This week the brand opens the doors to its first permanent Australian home in Fitzroy. The design for the flagship space on Gertrude Street, which is split across two floors of a mid-19th century building, was conceived in collaboration with interior designer Rufus Knight, with joinery by Daniel and Chelsey Mitchener from West Wood.
“Material choice is everything for us and the foundation our brand is built on. Working with restricted, sustainable and lasting materials is key to everything we do,” founder Gosia Piatek says. “Rufus understands spaces so well. This is a very narrow, long, old two-storey terraced house and he was able to approach it with a gentle touch so as to not take away its incredible features”.
For Piatek and her team, less is always more. It was a very deliberate choice to use simple, singular and natural materials in the new space. “We work with a very restrained palette so that we can understand where everything is from and how it was produced,” she says. “We’ve chosen spotted gum sourced from certified, sustainably managed forests for all the racking and joinery, linen curtains, and a Bremworth wool rug for the changing rooms, alongside a beautiful washi paper Hotaru lantern made in Japan and designed by London creatives Barber Osgerby. We’ve also created lightboxes above our racking using kozo (mulberry tree) washi paper from the Awagami [washi paper] factory in Tokushima.”
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At the core of the brand is a circular design model with a commitment to transparent manufacturing and responsible trade. Customers can access repair services for their beloved Kowtow pieces, including mending seams, broken stitching, small holes or tears in woven fabric, and button replacement. But taking responsibility for your garments starts at the beginning of their life.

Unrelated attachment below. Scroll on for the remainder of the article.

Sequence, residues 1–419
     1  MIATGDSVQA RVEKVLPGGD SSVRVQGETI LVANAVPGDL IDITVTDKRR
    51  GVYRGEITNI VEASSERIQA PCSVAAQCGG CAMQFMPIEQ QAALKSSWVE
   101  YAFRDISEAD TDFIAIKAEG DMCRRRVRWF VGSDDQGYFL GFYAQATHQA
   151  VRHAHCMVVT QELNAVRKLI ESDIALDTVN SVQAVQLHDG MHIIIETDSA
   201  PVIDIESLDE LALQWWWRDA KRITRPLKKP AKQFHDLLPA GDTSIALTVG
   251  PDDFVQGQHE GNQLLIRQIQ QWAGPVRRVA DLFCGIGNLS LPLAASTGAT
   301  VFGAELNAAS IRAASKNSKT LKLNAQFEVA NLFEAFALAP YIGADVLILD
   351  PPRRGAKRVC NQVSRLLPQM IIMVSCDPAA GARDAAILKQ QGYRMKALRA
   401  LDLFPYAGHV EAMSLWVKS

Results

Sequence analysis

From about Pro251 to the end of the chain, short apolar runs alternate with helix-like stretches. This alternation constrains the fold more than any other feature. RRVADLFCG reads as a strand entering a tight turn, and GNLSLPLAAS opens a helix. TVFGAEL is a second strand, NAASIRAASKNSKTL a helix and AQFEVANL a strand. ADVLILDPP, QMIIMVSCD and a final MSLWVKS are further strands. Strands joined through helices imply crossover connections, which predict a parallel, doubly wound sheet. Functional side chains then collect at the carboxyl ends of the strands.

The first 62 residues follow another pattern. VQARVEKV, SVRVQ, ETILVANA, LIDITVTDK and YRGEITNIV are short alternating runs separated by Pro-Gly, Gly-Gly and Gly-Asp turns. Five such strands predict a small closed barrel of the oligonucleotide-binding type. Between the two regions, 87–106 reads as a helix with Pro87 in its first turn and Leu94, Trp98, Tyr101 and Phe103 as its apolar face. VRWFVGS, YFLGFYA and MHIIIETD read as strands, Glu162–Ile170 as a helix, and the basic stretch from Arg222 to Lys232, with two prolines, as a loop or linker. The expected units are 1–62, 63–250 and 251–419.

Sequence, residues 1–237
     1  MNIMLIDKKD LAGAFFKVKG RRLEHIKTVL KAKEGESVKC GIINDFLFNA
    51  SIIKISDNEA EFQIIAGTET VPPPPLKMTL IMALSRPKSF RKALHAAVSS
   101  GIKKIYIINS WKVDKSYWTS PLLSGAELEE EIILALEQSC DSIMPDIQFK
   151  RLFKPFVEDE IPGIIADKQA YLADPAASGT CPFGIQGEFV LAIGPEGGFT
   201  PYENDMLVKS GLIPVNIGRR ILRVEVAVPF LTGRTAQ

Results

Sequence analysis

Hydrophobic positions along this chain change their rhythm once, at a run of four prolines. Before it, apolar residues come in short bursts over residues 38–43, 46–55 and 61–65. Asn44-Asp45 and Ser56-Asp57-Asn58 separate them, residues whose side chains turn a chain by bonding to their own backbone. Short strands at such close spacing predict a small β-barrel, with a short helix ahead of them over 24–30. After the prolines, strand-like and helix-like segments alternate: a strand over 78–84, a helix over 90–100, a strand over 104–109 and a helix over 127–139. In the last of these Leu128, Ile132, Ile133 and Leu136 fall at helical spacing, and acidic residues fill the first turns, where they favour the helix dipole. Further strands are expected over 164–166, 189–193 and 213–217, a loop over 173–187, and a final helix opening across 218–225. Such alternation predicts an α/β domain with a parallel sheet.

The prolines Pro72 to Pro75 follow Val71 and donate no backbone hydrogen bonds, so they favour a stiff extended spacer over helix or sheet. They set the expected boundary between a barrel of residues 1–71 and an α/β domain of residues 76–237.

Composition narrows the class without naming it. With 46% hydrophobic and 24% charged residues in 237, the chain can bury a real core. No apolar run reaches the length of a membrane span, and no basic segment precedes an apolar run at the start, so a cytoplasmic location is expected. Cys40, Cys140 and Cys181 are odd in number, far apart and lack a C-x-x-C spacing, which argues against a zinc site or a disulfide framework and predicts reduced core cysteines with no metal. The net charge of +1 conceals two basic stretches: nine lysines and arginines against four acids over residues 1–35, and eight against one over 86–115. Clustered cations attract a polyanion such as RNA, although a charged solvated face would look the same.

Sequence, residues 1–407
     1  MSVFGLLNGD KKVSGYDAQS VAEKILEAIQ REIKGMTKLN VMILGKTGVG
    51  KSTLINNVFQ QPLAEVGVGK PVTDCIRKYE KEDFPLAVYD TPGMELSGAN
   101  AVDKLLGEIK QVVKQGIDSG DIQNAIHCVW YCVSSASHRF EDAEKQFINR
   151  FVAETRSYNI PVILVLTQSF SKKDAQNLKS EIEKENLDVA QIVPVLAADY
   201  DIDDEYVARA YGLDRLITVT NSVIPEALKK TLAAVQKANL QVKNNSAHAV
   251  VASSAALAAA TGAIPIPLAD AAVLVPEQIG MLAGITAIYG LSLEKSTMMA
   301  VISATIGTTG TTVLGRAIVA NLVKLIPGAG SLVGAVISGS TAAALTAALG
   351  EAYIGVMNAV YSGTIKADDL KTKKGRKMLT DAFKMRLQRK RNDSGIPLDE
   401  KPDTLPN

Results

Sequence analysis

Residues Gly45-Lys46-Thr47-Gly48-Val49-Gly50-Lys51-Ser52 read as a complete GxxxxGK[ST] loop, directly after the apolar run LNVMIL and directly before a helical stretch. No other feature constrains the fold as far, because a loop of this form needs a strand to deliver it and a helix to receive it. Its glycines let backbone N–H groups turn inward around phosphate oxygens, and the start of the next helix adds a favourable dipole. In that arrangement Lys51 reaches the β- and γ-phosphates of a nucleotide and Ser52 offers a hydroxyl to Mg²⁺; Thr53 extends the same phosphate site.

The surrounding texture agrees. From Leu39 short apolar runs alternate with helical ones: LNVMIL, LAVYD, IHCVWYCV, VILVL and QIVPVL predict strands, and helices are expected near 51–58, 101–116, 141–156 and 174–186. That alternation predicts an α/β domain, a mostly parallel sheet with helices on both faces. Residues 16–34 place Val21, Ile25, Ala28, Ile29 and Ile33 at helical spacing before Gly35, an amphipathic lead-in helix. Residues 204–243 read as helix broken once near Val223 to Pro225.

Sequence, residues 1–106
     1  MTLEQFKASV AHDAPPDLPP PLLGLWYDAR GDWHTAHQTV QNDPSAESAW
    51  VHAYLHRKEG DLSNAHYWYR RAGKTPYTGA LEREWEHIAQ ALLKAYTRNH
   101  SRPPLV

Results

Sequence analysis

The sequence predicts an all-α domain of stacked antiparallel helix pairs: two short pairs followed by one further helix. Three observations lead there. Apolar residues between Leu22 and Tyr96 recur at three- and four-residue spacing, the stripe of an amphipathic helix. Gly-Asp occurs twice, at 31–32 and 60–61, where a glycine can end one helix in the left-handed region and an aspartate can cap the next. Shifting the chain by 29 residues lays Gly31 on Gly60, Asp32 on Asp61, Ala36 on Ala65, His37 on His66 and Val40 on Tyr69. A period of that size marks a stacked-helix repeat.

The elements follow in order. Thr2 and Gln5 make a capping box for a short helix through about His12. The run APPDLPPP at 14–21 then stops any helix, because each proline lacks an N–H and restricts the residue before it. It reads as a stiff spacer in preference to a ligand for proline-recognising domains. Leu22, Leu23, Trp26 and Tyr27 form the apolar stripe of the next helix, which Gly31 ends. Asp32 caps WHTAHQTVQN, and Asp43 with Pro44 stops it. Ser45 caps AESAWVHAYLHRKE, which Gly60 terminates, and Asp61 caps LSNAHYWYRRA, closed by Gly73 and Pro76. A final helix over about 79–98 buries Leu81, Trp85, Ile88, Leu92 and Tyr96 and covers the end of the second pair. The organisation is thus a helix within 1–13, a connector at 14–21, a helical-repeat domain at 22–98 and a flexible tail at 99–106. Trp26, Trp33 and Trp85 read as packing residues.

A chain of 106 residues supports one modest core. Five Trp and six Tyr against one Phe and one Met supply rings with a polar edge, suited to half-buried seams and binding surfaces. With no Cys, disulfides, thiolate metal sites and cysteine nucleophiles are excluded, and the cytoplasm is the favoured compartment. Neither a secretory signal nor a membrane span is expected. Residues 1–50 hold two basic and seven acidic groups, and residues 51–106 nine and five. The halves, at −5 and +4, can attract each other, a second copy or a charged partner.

For creative director Marilou Dadat, finding ways to deliver a product that lasts as long as possible and integrates into a circular system is part of the process. “I’m inspired by the mission to not overproduce. It gives me inspiring limitations to work with a reduced but beautiful palette of fabrics and trims,” she says.
Dadat believes that a cohesive and conscious wardrobe should work in different combinations, leaning on neutral pieces as a base and only choosing “colours and prints that one has a special love for, not because they are trendy”.
Later this month the brand will launch a second edition of its Reimagine capsule online and in-store. “This collection sees surplus Kowtow fabric from previous collections reimagined in new forms. It’s been created for the festive summer season with a specific edition of vibrant colours – peony pink, red and cobalt blue,” Dadat says.
195 Gertrude Street, Fitzroy
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